Northwestern Medicine investigators have found that a small subset of cells in the retina, called intrinsically photosensitive retinal ganglion cells, inhibit the communication of light signals from the eyes to the brain, impacting how light affects daily activity patterns and how the pupils constrict to light, according to findings recently published in Science.
“We tend to ignore very small populations of cells in neuroscience; we try to go for very big broad generalizations of how things work, but our study shows that these minor populations of cells are very important because they can have profound effects on behavior,” said Takuma Sonoda, PhD, a recent graduate of the Northwestern University Interdepartmental Neuroscience (NUIN) program and lead author of the study.
Retinal ganglion cells — neurons located near the inner surface of the eye’s retina — are responsible for receiving and transmitting light information to several regions of the brain to influence conscious visual perception and subconscious effects on daily activity, sleep and hormones. These cells vary in size, connections and responses to visual stimulation, but all have a long axon that extends into the brain to form the optic nerve and other vital structures for transmitting visual information.
Until now, these cells were thought to send only positive signals to the brain through excitatory neurotransmitters. However, the current findings revealed that a subset of retinal ganglion cells do the complete opposite, according to Tiffany Schmidt, PhD, assistant professor of Ophthalmology and of Neurobiology at the Weinberg College of Arts and Sciences, who was also senior author of the study.
“What was really interesting when we looked at the behavioral function of these inhibitory signals was that they seem to be putting the brakes on both how light affects our daily activity and how our pupils constrict to light,” Schmidt said, who is also an assistant professor of Neurobiology at Northwestern’s Weinberg College of Arts and Sciences.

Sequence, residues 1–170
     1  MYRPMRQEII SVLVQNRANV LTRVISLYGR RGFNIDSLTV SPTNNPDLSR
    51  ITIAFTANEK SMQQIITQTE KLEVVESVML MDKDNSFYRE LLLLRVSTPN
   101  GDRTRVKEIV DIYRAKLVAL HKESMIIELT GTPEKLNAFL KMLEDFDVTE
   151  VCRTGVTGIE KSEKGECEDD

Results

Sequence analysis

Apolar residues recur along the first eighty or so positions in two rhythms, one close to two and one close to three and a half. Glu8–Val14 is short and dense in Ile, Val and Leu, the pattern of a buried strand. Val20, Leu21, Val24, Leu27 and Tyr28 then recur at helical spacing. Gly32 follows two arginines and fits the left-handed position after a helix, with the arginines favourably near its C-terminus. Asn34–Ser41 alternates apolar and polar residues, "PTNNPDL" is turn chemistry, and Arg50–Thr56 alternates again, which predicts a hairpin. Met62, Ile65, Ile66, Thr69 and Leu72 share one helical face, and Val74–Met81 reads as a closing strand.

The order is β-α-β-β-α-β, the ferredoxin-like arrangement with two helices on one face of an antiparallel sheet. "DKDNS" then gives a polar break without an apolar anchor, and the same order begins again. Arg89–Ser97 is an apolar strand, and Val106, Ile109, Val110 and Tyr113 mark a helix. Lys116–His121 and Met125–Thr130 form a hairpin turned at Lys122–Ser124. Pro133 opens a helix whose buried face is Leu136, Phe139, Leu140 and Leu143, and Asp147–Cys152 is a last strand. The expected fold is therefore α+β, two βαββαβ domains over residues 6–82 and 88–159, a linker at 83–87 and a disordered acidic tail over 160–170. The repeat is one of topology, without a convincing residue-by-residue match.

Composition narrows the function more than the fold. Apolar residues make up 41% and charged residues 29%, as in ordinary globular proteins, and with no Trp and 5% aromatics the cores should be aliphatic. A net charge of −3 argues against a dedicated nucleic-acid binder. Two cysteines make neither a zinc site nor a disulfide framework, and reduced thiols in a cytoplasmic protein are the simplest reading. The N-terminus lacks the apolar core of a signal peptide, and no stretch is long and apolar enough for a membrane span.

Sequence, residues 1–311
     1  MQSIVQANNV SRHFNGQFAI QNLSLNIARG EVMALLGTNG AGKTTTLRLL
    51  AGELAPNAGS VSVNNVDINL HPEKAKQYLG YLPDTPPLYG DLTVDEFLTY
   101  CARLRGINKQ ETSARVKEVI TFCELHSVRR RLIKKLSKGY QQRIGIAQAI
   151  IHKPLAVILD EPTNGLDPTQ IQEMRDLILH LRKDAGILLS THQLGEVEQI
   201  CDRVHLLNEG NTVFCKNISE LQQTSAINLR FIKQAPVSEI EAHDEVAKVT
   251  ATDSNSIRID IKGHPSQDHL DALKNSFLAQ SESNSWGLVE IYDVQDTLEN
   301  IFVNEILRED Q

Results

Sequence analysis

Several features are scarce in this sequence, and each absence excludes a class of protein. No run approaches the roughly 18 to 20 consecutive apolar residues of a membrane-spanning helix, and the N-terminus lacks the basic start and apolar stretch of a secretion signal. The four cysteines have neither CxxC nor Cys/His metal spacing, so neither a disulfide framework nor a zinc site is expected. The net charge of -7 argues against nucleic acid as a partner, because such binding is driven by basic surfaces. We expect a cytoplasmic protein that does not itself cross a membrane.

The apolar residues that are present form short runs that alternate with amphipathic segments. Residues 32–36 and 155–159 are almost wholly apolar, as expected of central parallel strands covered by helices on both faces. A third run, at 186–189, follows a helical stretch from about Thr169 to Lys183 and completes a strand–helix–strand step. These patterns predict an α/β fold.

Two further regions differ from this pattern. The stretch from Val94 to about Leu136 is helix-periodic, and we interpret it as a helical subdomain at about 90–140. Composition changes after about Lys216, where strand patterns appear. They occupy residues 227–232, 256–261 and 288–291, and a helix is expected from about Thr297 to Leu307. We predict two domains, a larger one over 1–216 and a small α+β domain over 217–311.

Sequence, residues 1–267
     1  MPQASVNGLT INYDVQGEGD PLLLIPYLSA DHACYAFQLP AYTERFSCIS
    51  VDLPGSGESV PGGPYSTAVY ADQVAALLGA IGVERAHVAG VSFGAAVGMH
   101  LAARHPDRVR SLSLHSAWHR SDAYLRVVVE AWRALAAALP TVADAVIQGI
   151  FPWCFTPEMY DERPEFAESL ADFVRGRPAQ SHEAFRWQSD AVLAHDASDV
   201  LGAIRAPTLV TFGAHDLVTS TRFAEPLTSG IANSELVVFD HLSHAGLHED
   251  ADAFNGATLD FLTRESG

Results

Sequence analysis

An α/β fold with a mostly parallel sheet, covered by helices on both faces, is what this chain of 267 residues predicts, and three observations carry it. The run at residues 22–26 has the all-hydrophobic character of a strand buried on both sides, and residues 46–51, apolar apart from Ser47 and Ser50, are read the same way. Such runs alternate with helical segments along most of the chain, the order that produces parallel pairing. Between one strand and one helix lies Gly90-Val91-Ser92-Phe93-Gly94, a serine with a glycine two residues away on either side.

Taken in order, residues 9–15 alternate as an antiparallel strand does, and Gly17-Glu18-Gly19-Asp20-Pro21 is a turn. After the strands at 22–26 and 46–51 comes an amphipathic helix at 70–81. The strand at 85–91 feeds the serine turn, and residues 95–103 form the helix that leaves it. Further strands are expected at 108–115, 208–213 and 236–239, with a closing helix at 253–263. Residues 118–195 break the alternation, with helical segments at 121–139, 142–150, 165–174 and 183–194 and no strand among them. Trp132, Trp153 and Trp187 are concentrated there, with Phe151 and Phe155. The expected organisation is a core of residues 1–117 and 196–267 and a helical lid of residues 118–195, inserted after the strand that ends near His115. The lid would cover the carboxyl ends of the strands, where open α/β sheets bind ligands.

For the study, the investigators used genetic mouse models to identify and manipulate inhibitory populations of retinal ganglion cells. First, the team used light to excite axons of retinal ganglion cells in the brain to determine which cells were sending excitatory or inhibitory signals. Then they used mice lacking these inhibitory signals from retinal ganglion cells and analyzed circadian behavior, specifically by looking at their daily activity patterns in light versus in the dark, and also measured the pupillary light reflex, or how their pupils constricted in the presence of light.
Ultimately, the team was able to identify melanopsin-expressing intrinsically photosensitive retinal ganglion cells that release an inhibitory neurotransmitter called gamma-aminobutyric acid at non-image-forming brain targets.
The release of this inhibitory signal, according to Schmidt, lessened the sensitivity of the pupillary light reflex and circadian rhythms, ultimately shifting the range of these behaviors to higher light levels.
“When we start to think about how light is affecting human behavior, now we have to think about two channels of light information: one that pumps the gas and one that pumps the brakes,” Schmidt said.
Next steps include investigating whether retinal ganglion cells are solely inhibitory or if they’re sending mixed signals to the brain and what other behaviors these mixed signals affect. Schmidt also noted that it’s possible these cells may impact the human circadian system and that there is an advantage to understanding what input it receives from these newly discovered cells.
This work was funded by a Klingenstein-Simons Fellowship in the Neurosciences, a Sloan Research Fellowship, and the National Institutes of Health grants 1DP2EY022584, T32 EY025202 and F31 EY030360-01.